By Kenneth Magat Jr.
Looking at pictures of a new place fills us with desire, but actually experiencing that same place – being able to see, smell, touch, and hear it – that fills us with serenity, wonder, and unparalleled joy. With travel, the potential for discovery and learning is seemingly infinite. In the best possible way, you are forced to reorient your priorities, expand your perspective, and evolve beyond what is comfortable into something better, something more. But far from that experience, we should also be responsible travelers. Become responsible individuals that minimize the impacts we create on the places we visit.
Here are a few tips on how you can become a responsible traveler:
1.Plan ahead and prepare.
Create your itinerary ahead of time. Creating an itinerary will help you save your time during traveling (tourist spots, places you want to visit, restaurants) gives you more time to spend for your travel too.
Make some research about the place and their weather, so that you can have the right clothing and protection that you need for yourself.
2. Respect rules and regulations on the places that you will visit. Follow traffic rules. If you’re going to drive bring your license with you. Always wear your seat belt or wear your helmet if you’re riding a motorbike. But if you are a commuter, ride on designated bus/jeepney stop.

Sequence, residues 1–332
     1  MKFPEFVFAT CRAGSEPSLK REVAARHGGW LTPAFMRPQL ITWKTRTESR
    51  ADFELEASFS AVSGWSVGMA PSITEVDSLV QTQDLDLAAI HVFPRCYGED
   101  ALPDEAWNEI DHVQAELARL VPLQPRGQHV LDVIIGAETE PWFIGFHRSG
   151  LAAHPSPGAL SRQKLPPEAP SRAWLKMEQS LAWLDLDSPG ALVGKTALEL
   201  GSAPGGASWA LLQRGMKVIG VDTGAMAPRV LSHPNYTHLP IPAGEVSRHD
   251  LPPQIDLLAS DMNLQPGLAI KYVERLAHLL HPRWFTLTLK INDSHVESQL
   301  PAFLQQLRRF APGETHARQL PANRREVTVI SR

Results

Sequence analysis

3. Make friends. Come as a stranger, leave as a friend. Enjoy their culture. Learn and be amazed with how rich their culture is.
4. Dispose your waste properly. Try to minimize your plastic use. Bring your own tumbler, water bottle, utensils, metal straws and shopping bag. Segregate your waste. Do not throw your waste on the ocean or in the mountains. Throw it in the designated trash bins. Practice proper waste disposal in all areas.
5. Leave what you find. If it’s forbidden then don’t take it. Don’t pick flowers or leaves. Do not vandalize.
6. Respect other tourists. Be courteous. Greet and respect the locals. With or without tourism, they are happy and contented with what they have.
7. Dress appropriately. Always ensure proper attire for awareness of local standards. It’s a good idea to always travel with a scarf or shawl. What’s appropriate for you may not be appropriate to their culture.
8. Enjoy each place you visit. Remember, travel not to escape life but for life not to escape you.
9. Shop locally. When it comes to eating, sleeping and buying souvenirs, choosing where you spend your money can have a massive impact on the community. By having dinners, lunch or any other meals at a local eatery, staying in a family-run guest house or purchasing a trinket from a street vendor, you are helping to inject money directly into the local economy.
10. Look at the bigger picture when bargaining. Think about how far that extra bit of cash could go for the person you are dealing with. If you can spend in expensive food and cocktails or expensive hotels, then think twice before bargaining.
11. Educate others to become responsible travelers. Being a responsible traveler might come naturally to some, but others may just not be aware about the implications of their actions. If you see someone unintentionally doing something that is detrimental to the environment or to the local people and culture, perhaps mention something in a friendly way. Start discussions about responsible travel with people in your hostel, hotel or who you are on tour with. It is only through education that we can help spread the word about sustainable tourism.